What about the minorities that are hurt in this case? Is it not society’s job to protect the minorities and their rights and freedoms? As for Mills argument with respect to free speech I agree with it. Mills makes some solid points as to why we should have absolute freedoms unless we are going to harm others. Mills does a good job at talking about the freedom to express individual opinions and thoughts. I believe also that we should be free to our personal opinions and thoughts on certain things and that we should have the freedom to express them. I also believe that Mills example of how society is at a loss when we silence an unpopular view. We lose out information about the other side of the argument and that can hurt society in the long run. Knowing both sides of an argument or why a decision is right or wrong is key to helping people make smarter decisions and being able to back them up. Knowing what the other side thinks and being able to defend your argument is key to make intelligent confident decisions. By seeing both sides you can make a more informed decision.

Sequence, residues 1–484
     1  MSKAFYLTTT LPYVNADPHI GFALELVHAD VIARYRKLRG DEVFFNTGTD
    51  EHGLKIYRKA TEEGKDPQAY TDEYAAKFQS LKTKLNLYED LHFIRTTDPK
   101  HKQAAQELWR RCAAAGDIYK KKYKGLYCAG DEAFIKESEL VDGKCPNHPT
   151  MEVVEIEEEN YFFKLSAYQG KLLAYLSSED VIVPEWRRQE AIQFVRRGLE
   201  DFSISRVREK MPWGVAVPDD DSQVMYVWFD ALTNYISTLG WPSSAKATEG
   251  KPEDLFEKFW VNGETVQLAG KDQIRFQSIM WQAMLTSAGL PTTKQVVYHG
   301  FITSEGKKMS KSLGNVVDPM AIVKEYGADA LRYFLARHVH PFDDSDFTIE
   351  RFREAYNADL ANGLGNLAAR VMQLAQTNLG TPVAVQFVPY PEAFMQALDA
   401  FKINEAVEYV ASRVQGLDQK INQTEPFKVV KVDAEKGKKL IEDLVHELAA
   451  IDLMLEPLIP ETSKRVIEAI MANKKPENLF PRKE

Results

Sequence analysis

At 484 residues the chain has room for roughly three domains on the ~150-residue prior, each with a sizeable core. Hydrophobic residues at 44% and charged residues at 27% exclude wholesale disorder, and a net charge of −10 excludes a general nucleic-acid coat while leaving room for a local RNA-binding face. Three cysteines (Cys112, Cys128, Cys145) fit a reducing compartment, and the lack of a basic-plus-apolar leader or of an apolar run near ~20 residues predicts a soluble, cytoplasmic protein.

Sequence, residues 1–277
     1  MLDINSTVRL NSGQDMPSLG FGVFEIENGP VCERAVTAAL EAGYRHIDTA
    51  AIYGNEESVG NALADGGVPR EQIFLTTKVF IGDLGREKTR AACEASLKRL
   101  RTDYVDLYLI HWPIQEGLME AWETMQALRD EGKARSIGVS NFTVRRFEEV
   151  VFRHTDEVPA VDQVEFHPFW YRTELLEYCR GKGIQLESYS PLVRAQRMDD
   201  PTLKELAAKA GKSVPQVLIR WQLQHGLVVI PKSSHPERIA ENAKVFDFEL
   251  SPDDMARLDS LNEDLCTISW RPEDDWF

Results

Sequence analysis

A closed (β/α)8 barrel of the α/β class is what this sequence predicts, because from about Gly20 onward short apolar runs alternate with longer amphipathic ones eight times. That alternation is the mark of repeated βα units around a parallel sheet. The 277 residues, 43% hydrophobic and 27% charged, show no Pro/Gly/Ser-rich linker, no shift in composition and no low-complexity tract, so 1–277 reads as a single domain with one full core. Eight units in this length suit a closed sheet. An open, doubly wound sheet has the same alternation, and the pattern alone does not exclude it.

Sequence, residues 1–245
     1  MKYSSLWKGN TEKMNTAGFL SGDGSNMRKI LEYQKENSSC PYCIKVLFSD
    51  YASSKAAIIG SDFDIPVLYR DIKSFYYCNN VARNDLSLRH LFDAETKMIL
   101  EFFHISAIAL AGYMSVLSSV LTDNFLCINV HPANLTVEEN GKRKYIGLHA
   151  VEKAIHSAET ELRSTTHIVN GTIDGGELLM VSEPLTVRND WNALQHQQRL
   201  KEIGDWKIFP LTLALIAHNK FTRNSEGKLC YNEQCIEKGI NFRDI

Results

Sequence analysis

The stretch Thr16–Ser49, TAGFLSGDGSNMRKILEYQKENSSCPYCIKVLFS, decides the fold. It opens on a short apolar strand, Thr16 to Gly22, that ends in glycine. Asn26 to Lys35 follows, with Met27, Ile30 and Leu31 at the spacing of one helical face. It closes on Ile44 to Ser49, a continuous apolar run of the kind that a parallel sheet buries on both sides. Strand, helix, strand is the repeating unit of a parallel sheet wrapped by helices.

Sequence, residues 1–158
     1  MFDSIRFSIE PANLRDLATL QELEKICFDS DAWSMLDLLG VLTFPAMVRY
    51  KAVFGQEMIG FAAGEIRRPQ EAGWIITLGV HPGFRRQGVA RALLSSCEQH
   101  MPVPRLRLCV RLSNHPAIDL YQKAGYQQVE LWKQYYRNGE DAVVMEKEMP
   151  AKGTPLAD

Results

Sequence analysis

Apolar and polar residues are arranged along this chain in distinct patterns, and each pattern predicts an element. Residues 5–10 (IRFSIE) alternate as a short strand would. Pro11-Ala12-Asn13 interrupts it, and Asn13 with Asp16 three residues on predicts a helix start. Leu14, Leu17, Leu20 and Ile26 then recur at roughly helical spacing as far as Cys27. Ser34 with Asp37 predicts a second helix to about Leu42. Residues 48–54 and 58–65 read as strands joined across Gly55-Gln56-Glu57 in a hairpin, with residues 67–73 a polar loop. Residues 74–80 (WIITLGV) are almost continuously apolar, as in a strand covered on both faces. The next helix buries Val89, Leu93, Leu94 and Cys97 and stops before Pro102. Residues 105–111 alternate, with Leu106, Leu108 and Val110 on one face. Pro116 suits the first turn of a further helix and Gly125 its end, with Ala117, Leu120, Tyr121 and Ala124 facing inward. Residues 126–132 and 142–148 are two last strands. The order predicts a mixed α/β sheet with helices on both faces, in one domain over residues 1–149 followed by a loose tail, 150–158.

Also challenging the truth can help the truth become even stronger. If no one is challenging the truth, then people’s lives will not reflect the truth they believe in because they can’t back it up and prove its true. You have got to be able to speak the truth but also back it up with solid proof and without anyone challenging the truth it becomes weak after a while. Challenging the truth is key to help make it stronger. Mills clearly agrees with this as he believes everyone’s opinions should be presented fairly and none silenced.
In conclusion Mills makes an excellent argument as to why free speech should be allowed and how it really benefits society. I fully agree with Mills and his argument and the logic behind it. Mills makes very solid claims that it helps society progress and move forward as well as create social change. Freedom of speech can help people make more informed decisions since both sides of an argument can be presented fairly and equally. As well as it helps create equally and promote human rights two extremely important things need to help make a society run smoothly.